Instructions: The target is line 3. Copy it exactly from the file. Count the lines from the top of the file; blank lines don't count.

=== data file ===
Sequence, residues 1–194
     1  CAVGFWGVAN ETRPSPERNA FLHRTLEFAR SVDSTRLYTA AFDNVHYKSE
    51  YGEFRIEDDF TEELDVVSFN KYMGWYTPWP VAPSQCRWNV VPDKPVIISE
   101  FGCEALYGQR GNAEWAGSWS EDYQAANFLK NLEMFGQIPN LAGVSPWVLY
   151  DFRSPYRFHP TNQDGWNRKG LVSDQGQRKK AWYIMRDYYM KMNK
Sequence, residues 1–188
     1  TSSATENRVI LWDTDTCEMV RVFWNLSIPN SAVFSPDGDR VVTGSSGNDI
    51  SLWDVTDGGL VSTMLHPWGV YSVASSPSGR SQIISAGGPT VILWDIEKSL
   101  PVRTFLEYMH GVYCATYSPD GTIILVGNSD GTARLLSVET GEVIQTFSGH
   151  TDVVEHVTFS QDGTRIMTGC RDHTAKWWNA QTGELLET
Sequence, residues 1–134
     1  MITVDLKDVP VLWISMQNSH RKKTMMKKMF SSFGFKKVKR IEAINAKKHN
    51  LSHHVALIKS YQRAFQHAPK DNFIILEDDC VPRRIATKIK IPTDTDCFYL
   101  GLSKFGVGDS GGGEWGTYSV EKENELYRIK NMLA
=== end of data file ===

    51  YGEFRIEDDF TEELDVVSFN KYMGWYTPWP VAPSQCRWNV VPDKPVIISE